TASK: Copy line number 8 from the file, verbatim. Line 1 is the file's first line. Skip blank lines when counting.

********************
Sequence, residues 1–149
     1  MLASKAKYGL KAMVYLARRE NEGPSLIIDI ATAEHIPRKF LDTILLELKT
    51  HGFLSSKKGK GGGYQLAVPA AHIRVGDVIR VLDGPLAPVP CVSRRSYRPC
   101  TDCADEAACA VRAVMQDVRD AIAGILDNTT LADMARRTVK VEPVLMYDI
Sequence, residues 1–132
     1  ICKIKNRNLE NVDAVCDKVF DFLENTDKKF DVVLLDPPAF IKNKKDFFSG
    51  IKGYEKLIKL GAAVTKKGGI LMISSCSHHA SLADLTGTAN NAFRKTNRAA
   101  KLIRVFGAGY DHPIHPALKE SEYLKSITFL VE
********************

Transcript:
   101  KLIRVFGAGY DHPIHPALKE SEYLKSITFL VE